According to the act, the serfs were immediately granted personal liberties and promised land. But the process by which they were to acquire the land was slow, complex, and expensive. They were required to serve their landlords while inventories of all the land were taken, land allotments calculated, and payment calculated, since, legally, the land belonged to the landlord. Peasants, with the government loans, had to “redeem” their land allotments from the landlords and make “redemption payments” to the government for the next 49 years.

By 1881 about 85 percent of the peasants had received their land; redemption was then made compulsory. The land allotments were adequate to support the families living on them and to yield enough for them to meet their redemption payments. But the large population growth that occurred in Russia between emancipation and the Revolution of 1905 made it increasingly difficult for the former serfs to get by economically.


A 1907 painting by Boris Kustodiev depicting the muzhiks listening to the proclamation of the Emancipation Manifesto in 1861
Emancipation had been intended to cure Russia’s most basic social weakness, the backwardness and want into which serfdom cast the nation’s peasantry. In fact, though an important class of well-to-do peasants did emerge in time, most remained poor and land-hungry, crushed by huge redemption payments. It was not until the revolutionary year of 1905 that the government terminated these payments. By then, the peasant loyalty that the emancipation was intended to create could no longer be achieved.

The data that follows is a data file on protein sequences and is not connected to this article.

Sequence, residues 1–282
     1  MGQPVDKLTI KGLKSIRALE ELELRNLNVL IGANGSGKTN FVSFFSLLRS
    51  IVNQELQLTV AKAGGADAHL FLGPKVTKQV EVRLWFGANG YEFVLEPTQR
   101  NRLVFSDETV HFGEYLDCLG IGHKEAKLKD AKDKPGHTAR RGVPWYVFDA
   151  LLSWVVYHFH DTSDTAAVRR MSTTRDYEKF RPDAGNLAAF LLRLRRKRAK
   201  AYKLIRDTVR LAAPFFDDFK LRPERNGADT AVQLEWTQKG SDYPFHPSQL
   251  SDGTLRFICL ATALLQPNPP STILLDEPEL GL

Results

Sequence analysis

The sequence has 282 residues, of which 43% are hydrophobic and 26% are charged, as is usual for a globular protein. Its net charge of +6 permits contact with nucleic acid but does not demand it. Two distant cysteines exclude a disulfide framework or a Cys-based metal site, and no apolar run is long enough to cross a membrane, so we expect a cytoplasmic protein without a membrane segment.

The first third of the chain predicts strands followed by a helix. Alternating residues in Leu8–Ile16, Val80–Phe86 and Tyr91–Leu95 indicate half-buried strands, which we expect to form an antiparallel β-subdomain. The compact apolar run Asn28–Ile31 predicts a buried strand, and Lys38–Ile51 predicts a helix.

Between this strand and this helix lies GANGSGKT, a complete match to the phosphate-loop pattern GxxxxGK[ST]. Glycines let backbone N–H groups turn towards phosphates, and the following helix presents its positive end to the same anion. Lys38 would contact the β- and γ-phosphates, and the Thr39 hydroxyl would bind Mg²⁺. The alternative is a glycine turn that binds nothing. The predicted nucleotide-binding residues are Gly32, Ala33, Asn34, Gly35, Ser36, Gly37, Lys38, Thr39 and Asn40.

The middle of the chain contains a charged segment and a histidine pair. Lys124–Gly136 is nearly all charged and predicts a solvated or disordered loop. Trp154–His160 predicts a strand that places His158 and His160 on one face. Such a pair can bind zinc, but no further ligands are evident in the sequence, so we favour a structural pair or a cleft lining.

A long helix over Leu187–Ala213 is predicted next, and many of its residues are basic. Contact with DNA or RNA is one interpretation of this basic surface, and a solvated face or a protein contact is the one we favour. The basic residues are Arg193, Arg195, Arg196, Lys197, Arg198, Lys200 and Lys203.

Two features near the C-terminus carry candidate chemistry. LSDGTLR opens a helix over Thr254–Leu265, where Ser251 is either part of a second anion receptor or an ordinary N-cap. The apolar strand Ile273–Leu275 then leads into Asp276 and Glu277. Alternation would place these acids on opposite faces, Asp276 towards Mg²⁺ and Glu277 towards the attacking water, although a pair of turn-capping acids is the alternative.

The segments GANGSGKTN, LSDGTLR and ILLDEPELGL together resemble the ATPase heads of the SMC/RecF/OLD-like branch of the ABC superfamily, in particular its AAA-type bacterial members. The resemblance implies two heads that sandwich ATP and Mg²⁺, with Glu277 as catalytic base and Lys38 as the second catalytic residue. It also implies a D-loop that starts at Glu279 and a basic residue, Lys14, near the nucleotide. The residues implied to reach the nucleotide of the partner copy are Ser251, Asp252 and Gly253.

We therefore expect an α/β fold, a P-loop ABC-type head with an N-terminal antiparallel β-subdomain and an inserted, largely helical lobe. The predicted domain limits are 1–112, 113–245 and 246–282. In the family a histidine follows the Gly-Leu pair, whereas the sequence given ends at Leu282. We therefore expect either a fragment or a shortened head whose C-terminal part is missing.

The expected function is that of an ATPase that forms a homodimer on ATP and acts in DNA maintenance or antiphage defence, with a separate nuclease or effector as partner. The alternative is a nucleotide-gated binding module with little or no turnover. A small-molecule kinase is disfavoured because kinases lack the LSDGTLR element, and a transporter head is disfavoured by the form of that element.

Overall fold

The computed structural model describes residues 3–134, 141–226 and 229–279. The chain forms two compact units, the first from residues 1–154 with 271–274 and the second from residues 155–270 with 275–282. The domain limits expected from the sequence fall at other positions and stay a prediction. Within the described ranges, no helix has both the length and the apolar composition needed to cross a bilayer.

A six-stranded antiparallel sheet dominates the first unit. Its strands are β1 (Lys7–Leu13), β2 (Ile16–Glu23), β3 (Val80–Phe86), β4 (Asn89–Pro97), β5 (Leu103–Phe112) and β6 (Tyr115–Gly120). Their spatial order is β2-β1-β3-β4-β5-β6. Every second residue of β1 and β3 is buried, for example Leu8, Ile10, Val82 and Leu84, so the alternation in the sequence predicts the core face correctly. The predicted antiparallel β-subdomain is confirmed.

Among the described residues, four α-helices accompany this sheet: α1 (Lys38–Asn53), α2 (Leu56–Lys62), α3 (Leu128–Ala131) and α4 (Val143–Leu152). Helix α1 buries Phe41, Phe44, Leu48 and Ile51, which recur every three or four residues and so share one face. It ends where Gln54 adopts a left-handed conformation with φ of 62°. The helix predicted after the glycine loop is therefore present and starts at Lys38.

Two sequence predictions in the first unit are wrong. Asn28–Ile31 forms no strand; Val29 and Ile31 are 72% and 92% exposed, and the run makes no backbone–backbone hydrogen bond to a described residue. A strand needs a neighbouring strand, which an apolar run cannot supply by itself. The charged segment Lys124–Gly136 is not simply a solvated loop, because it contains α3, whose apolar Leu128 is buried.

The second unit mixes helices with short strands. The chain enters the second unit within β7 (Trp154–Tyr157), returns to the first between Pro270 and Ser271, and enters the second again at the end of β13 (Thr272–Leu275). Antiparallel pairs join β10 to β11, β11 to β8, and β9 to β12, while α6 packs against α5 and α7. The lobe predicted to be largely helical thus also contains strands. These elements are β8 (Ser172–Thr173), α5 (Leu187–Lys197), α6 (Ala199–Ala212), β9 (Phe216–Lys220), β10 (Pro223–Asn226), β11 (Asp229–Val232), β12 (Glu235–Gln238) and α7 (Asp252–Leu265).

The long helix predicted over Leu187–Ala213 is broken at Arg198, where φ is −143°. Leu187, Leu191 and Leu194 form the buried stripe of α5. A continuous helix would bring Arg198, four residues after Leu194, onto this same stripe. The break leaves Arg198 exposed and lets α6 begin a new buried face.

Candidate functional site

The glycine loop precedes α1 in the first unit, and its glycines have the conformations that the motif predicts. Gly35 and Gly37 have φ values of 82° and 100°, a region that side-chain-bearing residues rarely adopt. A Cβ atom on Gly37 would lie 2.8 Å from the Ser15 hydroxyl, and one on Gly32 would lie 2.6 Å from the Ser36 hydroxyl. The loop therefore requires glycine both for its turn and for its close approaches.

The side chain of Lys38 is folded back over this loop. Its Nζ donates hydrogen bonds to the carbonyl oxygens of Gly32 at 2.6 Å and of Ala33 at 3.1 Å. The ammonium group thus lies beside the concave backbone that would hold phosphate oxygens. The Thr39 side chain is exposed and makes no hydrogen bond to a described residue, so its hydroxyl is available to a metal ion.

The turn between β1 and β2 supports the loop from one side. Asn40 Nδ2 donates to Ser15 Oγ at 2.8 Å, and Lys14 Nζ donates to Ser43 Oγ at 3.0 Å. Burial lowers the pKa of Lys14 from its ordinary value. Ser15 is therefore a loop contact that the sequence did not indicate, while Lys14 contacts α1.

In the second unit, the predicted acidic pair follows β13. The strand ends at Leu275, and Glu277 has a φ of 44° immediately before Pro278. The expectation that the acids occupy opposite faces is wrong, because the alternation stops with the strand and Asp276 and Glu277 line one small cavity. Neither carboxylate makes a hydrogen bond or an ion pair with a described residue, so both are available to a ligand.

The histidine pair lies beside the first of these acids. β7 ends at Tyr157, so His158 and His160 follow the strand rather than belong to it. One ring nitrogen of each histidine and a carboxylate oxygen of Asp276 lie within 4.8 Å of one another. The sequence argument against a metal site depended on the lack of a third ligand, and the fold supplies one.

Encyclopĉdia Britannica

Sultan Abdulmecid I of Turkey d.; succeeded by his brother Abdul Aziz

Abdulmecid I

Abdülaziz of the Ottoman Empire or Abdülaziz I (Ottoman Turkish: عبد العزيز / `Abdü’l-`Azīz, Turkish: I. Abdülaziz; 9/18 February 1830 – 4 June 1876) was the 32nd Sultan of the Ottoman Empire and reigned between 25 June 1861 and 30 May 1876. He was the son of Sultan Mahmud II and succeeded his brother Abdülmecid I in 1861.


  Born at the Eyüp Palace, Constantinople (present-day Istanbul), on 9/18 February 1830, Abdülaziz received an Ottoman education but was nevertheless an ardent admirer of the material progress that was made in the West. He was the first Ottoman Sultan who travelled to Western Europe, visiting a number of important European capitals including Paris, London and Vienna in the summer of 1867. The Sultan took an interest in documenting the Sultanate. He was also interested in literature and was also a classical music composer. Some of his compositions have been collected in the album "European Music at the Ottoman Court" by the London Academy of Ottoman Court Music.